After 8 s, only the second stone is in motion whose variation with time is given by the quadratic equation:
s2 – s= 200 + 30t – 5t2
Therefore, the equation of linear and curved path is given by :
s– s1 = 15t (Linear path)

s2 ­– s1 = 200 + 30t – 5t2 (Curved path)
Q27. The given speed- time graph represents the motion of a particle in a fixed direction. Calculate the distance covered by the particle in the time intervals; ( a ) t = 0 s to 10 s, (b) t = 1 s to 8 s. Find the average speed of the particle over the intervals in ( a ) and ( b ). Ans.

( a ) Distance covered by the particle = Area of the given graph

= (1/2)base x height

= (1/2) x (10) x (12) = 60m

Average speed of the particle = 60/10 = 6 m/s

( b )  The distance traversed by the particle between

t = 1s to 8s

let distance travelled in 1 to 5s be S1 and distance travelled from 6 to 8s be S2.

Thus, total distance travelled, S ( in t = 1 to 8 s) = S1 + S2  . . . . . . ( 1 )

Now, For S1.

Let u’ be the velocity of the particle after 1 second  and a’ be the acceleration in the particle from t = 0 to 5s

We know that the particle is under uniform acceleration from  t = 0 to 5s thus, we can obtain  acceleration using the first equation of motion.

v = u + at

where, v = final velocity

12 = 0 + a’(5)

a’ = 2.4 m/s2

Now to find the velocity of the particle at 1s

v = 0 + 2.4 (1)

v =  2.4 m/s = u’ at t = 1s

Thus, the distance covered by the particle in 4 seconds  i.e., from t = 1 to 5 s.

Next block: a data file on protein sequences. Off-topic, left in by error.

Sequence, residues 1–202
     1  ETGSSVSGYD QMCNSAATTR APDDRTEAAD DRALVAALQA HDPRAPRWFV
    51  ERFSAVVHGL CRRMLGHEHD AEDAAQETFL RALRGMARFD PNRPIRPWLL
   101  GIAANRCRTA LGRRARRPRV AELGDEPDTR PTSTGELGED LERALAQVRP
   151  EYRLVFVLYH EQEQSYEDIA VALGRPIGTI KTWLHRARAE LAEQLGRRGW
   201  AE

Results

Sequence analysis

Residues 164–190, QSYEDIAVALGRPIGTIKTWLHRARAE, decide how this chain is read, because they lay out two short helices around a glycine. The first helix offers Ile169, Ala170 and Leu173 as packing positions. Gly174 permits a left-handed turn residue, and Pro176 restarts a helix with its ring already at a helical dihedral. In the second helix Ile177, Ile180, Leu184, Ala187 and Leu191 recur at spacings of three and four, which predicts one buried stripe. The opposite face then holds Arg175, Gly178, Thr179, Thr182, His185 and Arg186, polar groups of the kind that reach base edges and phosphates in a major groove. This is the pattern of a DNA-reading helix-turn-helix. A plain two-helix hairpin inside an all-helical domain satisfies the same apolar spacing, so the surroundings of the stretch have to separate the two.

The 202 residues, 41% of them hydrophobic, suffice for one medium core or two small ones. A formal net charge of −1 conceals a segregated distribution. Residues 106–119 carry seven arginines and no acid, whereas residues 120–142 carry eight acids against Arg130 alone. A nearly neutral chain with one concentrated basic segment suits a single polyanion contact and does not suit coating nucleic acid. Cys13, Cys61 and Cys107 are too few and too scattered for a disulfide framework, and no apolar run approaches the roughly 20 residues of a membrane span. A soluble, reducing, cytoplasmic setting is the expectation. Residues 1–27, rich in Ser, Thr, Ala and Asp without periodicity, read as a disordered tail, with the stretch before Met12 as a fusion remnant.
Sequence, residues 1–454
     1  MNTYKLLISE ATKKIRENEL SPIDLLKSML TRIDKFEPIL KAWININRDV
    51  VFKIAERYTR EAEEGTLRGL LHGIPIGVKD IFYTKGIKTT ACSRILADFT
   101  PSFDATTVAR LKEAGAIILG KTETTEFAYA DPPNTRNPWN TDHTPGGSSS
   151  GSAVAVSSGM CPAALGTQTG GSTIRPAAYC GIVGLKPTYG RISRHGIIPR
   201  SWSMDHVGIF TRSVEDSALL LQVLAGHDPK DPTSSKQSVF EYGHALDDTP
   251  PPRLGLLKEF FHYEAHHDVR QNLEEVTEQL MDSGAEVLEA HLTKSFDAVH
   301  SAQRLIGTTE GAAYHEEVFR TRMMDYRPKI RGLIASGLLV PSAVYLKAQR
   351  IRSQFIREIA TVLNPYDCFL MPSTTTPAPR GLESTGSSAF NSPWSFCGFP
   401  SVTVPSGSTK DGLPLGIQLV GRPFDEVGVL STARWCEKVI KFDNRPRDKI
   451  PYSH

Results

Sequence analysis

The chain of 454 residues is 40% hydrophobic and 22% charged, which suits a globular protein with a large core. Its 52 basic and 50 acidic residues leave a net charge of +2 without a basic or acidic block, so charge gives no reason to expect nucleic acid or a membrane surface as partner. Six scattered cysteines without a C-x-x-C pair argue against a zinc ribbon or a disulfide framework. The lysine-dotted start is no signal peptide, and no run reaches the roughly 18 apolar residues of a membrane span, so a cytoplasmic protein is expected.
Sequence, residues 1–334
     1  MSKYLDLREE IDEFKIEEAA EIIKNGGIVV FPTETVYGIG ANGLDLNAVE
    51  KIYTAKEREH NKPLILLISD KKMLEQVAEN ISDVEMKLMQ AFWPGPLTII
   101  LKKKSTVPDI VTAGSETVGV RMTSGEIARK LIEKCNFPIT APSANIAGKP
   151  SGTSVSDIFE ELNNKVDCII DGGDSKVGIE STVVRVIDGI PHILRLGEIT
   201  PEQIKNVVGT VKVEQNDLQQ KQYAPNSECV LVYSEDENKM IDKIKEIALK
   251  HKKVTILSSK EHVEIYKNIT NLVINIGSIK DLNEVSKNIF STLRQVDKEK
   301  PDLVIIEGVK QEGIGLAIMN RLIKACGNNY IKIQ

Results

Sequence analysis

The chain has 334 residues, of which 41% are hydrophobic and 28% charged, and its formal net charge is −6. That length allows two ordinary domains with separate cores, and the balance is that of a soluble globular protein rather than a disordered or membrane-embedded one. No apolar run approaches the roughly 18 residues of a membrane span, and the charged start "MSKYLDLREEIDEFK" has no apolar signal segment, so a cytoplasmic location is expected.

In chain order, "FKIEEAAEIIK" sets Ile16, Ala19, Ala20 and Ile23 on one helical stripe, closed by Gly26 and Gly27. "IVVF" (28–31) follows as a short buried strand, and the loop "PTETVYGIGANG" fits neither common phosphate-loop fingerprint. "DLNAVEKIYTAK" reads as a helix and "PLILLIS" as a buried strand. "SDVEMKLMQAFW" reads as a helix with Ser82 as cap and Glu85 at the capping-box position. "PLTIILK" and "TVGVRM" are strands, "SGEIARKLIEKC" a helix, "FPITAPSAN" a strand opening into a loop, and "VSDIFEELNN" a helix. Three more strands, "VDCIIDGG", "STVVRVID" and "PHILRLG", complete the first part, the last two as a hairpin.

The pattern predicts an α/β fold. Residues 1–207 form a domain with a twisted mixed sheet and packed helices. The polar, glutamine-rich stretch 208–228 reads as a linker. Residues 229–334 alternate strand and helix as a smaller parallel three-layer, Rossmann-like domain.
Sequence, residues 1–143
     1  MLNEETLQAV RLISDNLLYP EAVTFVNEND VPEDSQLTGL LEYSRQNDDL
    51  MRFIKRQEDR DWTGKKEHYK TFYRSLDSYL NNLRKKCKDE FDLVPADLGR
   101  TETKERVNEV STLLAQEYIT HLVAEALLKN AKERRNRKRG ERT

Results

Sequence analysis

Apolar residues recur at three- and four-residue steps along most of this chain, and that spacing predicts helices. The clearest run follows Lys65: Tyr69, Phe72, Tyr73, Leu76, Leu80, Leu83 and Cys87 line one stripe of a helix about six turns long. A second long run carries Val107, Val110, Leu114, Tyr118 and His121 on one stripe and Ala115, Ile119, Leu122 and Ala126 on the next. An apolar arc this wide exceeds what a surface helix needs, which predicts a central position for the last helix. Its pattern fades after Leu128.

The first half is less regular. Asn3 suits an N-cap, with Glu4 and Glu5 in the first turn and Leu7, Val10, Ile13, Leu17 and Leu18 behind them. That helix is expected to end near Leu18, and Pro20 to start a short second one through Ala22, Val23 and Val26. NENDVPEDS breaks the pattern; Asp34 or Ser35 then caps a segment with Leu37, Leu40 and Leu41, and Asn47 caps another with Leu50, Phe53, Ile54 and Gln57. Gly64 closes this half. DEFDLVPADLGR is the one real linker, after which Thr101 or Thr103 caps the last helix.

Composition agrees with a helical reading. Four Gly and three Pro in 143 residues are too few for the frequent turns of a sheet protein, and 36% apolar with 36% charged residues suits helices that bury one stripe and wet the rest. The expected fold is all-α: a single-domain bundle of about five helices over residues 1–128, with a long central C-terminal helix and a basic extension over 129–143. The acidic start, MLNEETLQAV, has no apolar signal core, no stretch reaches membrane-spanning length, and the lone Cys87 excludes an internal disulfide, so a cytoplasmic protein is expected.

S1 = u’t  +  ½ a’t2

=  2.4 x 4  +  ½ x 2.4 x 42

= 9.6 + 19.2 =28.8 m

Now, for S2

Let a’’ be the uniform acceleration in the particle from 5s to 10s

Using the first law of motion

v = u + at                              . . . . . . . ( v= 0 as the particle comes to rest )

0 = 12 + a’’ x 5

a’’ = -2.4 m/s

Thus, distance travelled by the particle in 3 seconds i.e., between 5s to 8s

S2 = u’’t + ½ a’’t

S2 = 12 x 3 + ½ x(-2.4) x 32

=  36 + (-1.2)x9

S2 = 25.2m

Thus, putting the values of S1 and S2 in equation ( 1 ), we get:

S = 28.8 + 25.2 = 54m

Therefore, average speed = 54 / 7 = 7.71 m/s.

Q28. The graph below is a velocity-time graph of a particle in one-dimensional motion. Which of the following formulae correctly describe the motion of the particle in the time interval t1 to t2
(a) aaverage = (v(t2) – v(t1))/(t2 – t1)

(b) x(t2 ) = x(t1) + vaverage (t2 – t1) + (½) aaverage (t2 – t1)2

(c) vaverage = (x(t2) – x(t1))/(t2 – t1)

(d) v(t2 ) = v(t1) + a (t2 – t1)

(e)  x(t2 ) = x(t1) + v (t1) (t2 – t1) +(½) a (t2 – t1)2

(f) x(t2 ) – x(t1) = area under the v-t curve bounded the dotted line and by the t-axis. Ans.

The formulae in ( a ), ( c ) and ( f ) correctly describe the motion of the particle in one dimension.
Since the given graph has a non-uniform slope, the formulae are given in ( b ), ( d ) and ( e ) do not describe the motion of the particle in one motion.